# I What happens to wavefunction if you swap electrons?

1. Oct 30, 2016

### Kara386

If you have a multi-electron atom and you swap two electrons around, what happens to the wavefunction? I think nothing happens because electrons are identical, but then they can have different spins, so would the wavefunction change if you swapped a spin up electron with a spin down one?

2. Oct 30, 2016

### phinds

How do you propose to "swap" the electrons?

3. Oct 30, 2016

### Kara386

I have no idea, it's a good question that I hadn't considered. Because isn't that what the whole symmetric-antisymmetric thing is about? It was explained to me in terms of swapping electrons, having some permutation of a pair, and I didn't really understand it so I thought I'd ask here! :)

4. Oct 30, 2016

### Kara386

I may have completely misunderstood...

5. Oct 30, 2016

### Staff: Mentor

Sort of. Perhaps a concrete example will help. It actually works better as a simple example to think of things in the path integral formulation, rather than wave functions.

Suppose we run an experiment in which two particles get emitted from two different sources, and some time later two particles get detected by two different detectors. To keep things simple, we'll assume that the particles have the same spin throughout the experiment (because we've prepared them with the same spin and the apparatus doesn't change the spin), so we only need to consider their positions. We label the sources as S1 and S2, and the detectors as D1 and D2. Then the path integral that describes this process (leaving out all the higher order terms that arise in quantum field theory when we include virtual particles) will have two terms:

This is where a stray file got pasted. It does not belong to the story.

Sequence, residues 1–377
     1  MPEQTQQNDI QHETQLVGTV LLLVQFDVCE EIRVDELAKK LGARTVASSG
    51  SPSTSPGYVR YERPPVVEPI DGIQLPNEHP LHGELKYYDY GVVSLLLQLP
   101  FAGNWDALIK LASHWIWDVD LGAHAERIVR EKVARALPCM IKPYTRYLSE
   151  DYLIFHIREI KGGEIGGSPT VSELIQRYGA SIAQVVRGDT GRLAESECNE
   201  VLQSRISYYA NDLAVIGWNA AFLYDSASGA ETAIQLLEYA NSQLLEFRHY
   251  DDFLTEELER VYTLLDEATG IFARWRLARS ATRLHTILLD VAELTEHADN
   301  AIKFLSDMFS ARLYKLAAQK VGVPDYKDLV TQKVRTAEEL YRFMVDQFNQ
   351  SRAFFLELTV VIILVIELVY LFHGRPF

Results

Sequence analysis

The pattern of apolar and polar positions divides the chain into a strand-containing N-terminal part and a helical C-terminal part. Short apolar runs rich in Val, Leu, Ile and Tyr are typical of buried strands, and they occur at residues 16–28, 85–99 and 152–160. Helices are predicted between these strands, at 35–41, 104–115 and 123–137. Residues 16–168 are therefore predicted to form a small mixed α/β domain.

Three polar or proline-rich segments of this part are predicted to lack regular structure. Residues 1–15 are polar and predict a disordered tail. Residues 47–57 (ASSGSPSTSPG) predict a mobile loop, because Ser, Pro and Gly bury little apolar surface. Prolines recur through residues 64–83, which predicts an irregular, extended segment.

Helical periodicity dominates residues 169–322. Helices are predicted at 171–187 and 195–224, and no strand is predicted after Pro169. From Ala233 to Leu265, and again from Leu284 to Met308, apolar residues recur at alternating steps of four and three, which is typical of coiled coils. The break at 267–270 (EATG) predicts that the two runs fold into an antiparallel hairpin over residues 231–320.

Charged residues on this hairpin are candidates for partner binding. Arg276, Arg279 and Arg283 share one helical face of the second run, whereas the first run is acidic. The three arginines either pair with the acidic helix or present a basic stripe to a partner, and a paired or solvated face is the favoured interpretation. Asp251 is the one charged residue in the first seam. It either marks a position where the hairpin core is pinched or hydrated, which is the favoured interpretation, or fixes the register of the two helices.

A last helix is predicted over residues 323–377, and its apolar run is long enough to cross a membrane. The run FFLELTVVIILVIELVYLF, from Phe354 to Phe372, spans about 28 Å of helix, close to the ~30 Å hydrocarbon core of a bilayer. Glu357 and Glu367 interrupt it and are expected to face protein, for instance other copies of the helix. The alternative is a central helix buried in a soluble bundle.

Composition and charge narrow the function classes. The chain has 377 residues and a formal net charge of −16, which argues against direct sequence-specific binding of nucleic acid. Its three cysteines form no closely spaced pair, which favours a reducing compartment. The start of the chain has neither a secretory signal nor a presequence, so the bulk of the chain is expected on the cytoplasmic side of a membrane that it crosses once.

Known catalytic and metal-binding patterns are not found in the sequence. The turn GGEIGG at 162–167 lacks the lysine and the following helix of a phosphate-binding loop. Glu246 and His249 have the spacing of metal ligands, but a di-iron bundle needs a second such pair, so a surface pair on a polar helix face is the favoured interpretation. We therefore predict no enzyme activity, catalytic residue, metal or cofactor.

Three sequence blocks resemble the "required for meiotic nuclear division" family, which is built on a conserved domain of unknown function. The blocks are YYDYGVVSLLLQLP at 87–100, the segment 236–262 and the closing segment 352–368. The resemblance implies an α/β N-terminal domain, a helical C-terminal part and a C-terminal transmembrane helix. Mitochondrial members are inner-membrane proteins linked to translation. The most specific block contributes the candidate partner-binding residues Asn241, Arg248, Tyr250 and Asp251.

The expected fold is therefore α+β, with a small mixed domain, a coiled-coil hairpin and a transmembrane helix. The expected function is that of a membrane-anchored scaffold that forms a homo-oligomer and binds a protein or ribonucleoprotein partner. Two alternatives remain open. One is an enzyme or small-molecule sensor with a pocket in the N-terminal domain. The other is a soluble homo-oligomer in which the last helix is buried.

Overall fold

Term 1: a particle goes from S1 to D1, and a particle goes from S2 to D2.

Term 2: a particle goes from S1 to D2, and a particle goes from S2 to D1.

Now we can state "the symmetric-antisymmetric thing" easily: if the particles are bosons (symmetric), Term 1 and Term 2 have the same sign; but if the particles are fermions (antisymmetric, like electrons), Term 1 and Term 2 have opposite signs.

Note that, if D1 and D2 are the same, then for fermions the amplitude for this process is zero: both terms have the same magnitude (can you see why?), and opposite sign, so they cancel. This is the familiar Pauli exclusion principle. But if D1 and D2 are not the same, then the terms won't exactly cancel, because the distances will be slightly different, so there will still be a nonzero amplitude for this process to happen--but it will be smaller than in the case of bosons, where the amplitudes are the same sign.

6. Oct 31, 2016

### A. Neumaier

The wave function changes sign because of antisymmetry. That's all.